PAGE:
The brain's resting state activity is shaped by synchronized cross frequency coupling of neural oscillations (Author's Manuscript)
Journal Article - Open Access
McGill University Montreal Canada
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Functional imaging of the resting brain consistently reveals broad motifs of correlated blood oxygen level dependent BOLD activity that engage cerebral regions from distinct functional systems. Yet, the neurophysiological processes underlying these organized, large-scale fluctuations remain to be uncovered. Using magnetoencephalography MEG imaging during rest in 12 healthy subjects we analyze the resting state networks and their underlying neurophysiology. We first demonstrate non-invasively that cortical occurrences of high frequency oscillatory activity are conditioned to the phase of slower spontaneous fluctuations in neural ensembles. We further show that resting-state networks emerge from synchronized phase-amplitude coupling across the brain. Overall, these findings suggest a unified principle of local-to-global neural signaling for long-range brain communication.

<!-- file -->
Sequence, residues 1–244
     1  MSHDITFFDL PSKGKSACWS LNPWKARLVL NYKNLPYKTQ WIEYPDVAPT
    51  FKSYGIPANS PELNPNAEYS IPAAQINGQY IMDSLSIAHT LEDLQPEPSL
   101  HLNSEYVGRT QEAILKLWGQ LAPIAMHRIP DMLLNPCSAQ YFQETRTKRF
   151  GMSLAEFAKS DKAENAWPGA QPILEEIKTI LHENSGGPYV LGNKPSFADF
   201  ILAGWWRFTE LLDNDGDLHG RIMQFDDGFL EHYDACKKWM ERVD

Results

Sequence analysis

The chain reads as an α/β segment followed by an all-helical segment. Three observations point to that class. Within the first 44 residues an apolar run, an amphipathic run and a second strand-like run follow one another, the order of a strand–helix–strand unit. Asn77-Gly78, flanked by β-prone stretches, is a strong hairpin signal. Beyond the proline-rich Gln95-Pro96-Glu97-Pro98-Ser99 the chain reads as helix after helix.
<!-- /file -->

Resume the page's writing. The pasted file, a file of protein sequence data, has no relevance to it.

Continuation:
- Anatomy and Physiology
- Medicine and Medical Research